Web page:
From Shanghai Daily:
It is getting harder for governments to buy United States Treasuries because the US's shrinking current-account gap is reducing supply of dollars overseas, a Chinese central bank official said yesterday.
The comments by Zhu Min, deputy governor of the People's Bank of China, referred to the overall situation globally, not specifically to China, the biggest foreign holder of US government bonds.
In a discussion on the global role of the dollar, Zhu told an academic audience that it was inevitable that the dollar would continue to fall in value because Washington continued to issue more Treasuries to finance its deficit spending.
He then addressed where demand for that debt would come from.
"The United States cannot force foreign governments to increase their holdings of Treasuries," Zhu said, according to an audio recording of his remarks. "Double the holdings? It is definitely impossible."
"The US current account deficit is falling as residents' savings increase, so its trade turnover is falling, which means the US is supplying fewer dollars to the rest of the world," he added. "The world does not have so much money to buy more US Treasuries."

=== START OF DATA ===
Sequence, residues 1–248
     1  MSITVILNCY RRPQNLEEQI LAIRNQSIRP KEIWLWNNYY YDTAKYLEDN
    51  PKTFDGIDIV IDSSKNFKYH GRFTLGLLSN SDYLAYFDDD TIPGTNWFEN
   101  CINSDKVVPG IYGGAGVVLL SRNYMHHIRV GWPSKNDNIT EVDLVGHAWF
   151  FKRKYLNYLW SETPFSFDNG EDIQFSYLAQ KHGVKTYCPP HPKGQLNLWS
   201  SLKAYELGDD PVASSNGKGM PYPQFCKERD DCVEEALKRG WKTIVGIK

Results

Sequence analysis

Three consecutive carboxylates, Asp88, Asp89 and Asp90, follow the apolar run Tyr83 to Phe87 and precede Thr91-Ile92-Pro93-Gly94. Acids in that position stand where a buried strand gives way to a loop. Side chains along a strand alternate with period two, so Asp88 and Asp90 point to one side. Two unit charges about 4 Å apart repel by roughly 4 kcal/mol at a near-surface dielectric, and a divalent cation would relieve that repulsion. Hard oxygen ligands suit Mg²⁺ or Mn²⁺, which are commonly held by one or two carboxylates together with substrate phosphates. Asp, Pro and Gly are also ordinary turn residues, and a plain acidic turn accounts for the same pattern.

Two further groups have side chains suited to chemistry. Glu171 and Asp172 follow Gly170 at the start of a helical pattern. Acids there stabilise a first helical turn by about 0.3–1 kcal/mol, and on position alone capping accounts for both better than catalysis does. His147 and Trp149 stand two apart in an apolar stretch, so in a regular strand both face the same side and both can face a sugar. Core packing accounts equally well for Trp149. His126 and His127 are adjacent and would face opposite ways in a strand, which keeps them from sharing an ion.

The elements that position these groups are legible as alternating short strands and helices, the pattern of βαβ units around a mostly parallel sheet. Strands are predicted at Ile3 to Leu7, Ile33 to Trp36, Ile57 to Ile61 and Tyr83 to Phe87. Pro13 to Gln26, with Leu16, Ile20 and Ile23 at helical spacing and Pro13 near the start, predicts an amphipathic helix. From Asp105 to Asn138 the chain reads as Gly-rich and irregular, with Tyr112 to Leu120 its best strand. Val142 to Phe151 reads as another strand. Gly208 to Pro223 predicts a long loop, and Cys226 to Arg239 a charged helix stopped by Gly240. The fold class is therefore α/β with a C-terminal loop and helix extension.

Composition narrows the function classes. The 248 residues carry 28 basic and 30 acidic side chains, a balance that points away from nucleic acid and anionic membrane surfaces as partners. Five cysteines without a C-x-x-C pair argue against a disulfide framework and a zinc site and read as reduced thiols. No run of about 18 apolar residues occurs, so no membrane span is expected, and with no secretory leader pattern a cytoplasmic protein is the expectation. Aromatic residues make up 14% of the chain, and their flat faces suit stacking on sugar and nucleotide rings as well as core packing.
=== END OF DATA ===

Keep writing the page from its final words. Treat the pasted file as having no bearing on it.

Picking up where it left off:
When we can't sell those T-Bills - then what will Obama and Congress and Bernanke do? Gee... I guess they'll just have to print up some more money...
“By a continuing process of inflation, governments can confiscate, secretly and unobserved, an important part of the wealth of their citizens“ – John Maynard Keynes, 1919
“But the U.S. Government has a technology, called a printing press (or, today, its electronic equivalent), that allows it to produce as many U.S. dollars as it wishes at essentially no cost. By increasing the number of U.S. dollars in circulation, or even by credibly threatening to do so, the U.S. Government can also reduce the value of a dollar in terms of goods and services, which is equivalent to raising the prices in dollars of those goods and services. We conclude that, under a paper-money system, a determined government can always generate higher spending and hence positive inflation.“ – Current Federal Reserve Chairman Ben Bernanke, 2002
Treasury bills safe? Hmmm let's see - Can it really be a good deal to earn 0% in a depreciating currency?